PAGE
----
“I’m most proud of always being able to find work,” Secosh said reflecting on her career. “I’ve worked at Milwaukee Die Casting, a brewery, paper recycling facility, and a sand and asphalt factory.I’ve never gone long without having a job, and in most cases my next position was better than the last.At one job, I even had an employer that became a matching donor for SJA.”

With each position held during her professional life, Secosh took advantage of opportunities to learn, ranging from on-the-job-training to educational courses; her constant curiosity for learning and seeking new challenges was enhanced because of her time at SJA.

“The Sisters were always challenging us and engrained this ‘can do’ spirit in all of us,” said Secosh.“For one of my later jobs, it was required that I knew how to use Microsoft and my employer did not want to pay for my training, so I applied for computer classes at MATC to educate myself.Back then ‘computer’ was just a word.But over the years I kept myself up to date with technology.”

In her more recent years, Secosh made the decision to retire and enjoy the fruits of her labor.

“I decided to retire because I had friends who died without even tapping into their Social Security or any of the other benefits they worked all their lives for.That’s why I retired.I wanted to enjoy the rest of my life,” said Secosh.

And although now retired, she fills her time by giving back as a volunteer.She is involved with SJA and other local non-profit organizations.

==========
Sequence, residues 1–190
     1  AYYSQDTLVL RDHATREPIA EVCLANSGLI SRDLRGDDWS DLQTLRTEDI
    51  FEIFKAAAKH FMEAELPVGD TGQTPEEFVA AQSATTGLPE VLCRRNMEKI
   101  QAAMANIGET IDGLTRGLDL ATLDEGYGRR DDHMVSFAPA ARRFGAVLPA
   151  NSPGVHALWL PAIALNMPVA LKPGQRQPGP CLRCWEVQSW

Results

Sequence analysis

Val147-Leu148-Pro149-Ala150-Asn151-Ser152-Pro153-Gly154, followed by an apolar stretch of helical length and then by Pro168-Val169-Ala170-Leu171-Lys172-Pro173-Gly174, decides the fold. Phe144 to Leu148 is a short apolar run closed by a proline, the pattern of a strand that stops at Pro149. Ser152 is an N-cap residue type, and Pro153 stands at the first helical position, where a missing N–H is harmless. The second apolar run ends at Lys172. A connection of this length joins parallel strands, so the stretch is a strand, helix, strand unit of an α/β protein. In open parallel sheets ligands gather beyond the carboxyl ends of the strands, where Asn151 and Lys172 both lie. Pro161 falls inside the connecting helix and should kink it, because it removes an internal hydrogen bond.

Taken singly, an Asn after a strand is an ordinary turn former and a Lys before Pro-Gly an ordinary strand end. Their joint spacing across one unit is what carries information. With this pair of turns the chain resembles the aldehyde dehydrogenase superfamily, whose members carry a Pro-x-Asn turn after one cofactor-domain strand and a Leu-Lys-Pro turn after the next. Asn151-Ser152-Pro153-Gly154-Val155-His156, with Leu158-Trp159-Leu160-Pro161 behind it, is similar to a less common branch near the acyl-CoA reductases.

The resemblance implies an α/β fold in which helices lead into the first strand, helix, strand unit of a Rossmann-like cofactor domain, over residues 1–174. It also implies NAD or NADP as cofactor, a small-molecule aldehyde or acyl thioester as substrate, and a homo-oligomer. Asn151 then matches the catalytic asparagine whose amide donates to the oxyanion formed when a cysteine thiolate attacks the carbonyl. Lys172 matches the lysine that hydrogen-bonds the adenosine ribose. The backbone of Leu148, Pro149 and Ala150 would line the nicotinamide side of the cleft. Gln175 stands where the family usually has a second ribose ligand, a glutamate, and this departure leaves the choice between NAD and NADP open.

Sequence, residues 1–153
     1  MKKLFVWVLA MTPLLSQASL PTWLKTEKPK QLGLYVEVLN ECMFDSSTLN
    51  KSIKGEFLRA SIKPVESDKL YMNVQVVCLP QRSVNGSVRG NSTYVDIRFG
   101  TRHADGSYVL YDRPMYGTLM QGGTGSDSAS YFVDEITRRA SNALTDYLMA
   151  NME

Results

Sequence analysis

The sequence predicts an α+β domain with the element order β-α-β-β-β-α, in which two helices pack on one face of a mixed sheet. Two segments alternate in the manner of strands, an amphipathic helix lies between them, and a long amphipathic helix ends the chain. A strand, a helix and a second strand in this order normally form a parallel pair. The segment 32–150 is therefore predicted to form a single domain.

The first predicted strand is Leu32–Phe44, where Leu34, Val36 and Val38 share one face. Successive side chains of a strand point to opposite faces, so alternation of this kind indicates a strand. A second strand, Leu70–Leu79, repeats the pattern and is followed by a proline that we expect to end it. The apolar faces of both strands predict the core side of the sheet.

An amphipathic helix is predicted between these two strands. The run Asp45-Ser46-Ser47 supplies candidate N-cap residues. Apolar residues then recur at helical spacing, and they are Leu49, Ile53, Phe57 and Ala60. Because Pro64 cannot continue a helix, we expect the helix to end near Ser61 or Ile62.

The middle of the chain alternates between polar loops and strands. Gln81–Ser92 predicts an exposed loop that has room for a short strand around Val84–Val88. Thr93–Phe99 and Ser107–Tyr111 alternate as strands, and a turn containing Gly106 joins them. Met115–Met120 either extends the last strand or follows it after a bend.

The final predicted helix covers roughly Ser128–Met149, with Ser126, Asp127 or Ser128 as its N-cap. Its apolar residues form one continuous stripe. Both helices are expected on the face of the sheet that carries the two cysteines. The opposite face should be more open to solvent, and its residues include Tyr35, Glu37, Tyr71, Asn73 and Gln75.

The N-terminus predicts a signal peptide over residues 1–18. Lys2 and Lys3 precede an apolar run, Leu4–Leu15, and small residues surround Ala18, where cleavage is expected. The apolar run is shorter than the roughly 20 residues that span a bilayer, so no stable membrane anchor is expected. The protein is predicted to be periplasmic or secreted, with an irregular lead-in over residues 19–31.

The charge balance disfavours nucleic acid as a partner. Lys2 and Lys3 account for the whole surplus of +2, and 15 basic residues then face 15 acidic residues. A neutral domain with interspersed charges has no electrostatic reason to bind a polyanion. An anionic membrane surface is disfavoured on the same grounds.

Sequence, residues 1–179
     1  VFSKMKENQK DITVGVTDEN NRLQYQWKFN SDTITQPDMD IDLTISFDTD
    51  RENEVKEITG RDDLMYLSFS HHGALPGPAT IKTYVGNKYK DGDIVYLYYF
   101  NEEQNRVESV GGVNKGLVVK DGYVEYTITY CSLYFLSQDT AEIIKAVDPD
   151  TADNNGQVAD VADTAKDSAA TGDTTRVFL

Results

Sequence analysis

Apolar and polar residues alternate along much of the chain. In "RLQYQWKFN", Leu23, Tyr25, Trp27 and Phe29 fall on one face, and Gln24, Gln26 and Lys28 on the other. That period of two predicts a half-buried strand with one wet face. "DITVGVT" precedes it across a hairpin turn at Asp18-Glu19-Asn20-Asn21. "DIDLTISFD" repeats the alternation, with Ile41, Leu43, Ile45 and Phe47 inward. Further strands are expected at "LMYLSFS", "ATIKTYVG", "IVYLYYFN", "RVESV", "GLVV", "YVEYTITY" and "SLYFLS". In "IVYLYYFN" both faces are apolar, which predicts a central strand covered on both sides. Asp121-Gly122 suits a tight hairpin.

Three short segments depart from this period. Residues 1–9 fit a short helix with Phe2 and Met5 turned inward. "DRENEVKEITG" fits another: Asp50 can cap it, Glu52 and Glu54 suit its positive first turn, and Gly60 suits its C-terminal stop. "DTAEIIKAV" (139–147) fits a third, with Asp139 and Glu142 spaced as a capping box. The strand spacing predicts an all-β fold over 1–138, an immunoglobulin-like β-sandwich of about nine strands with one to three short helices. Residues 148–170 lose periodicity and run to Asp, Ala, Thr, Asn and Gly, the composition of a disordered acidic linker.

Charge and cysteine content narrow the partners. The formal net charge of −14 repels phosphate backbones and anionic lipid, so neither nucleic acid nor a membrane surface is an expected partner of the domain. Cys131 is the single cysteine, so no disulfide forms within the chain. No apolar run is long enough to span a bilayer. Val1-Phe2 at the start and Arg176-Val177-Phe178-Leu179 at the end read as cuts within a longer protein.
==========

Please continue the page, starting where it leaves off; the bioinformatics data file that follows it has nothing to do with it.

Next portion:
“I knit hats for cancer patients and premature infants for local hospitals,” Secosh said of one of her favorite volunteer roles. “And I have remained connected to my St. Joan’s family.”

Secosh has become a prominent SJA figure as a supporter, event attendee and active member in the SJA Alumnae Association, where she has served for a number of years.She received the Alumna of the Year award in 2005 for her steadfast volunteer efforts and the multiple ways she has continued to support the school since graduating in SJA’s very first class in 1958.

“I always wanted to give back in some way because the school has given me so much,” said Secosh.

Even though years have passed since her graduation from SJA, Secosh still clearly recalls fond memories of the school and of her attentive teachers and close friends.

“My fondest memory of SJA was all of the teachers in general. They were very giving and interested in you as a student and a person even after you graduated.They were always asking if we were working and if not, they offered to help.They never forgot your name,” said Secosh.

In addition to her academic learning, SJA amplified the vital life lessons Secosh learned at home.

“I was raised in a household that valued hard work, frugality, and making the best from situations,” Secosh said. “That rang true for what I experienced at SJA and what I believe the school still does today.”

When asked what advice she would have for SJA students today she said, “Make the best of these years, make friends, and concentrate on your studies.” And one statement that she has always lived by is, “Always keep trying.” Whether in her personal or professional life, this mindset has carried Secosh far, from a prominent student to an honored alum.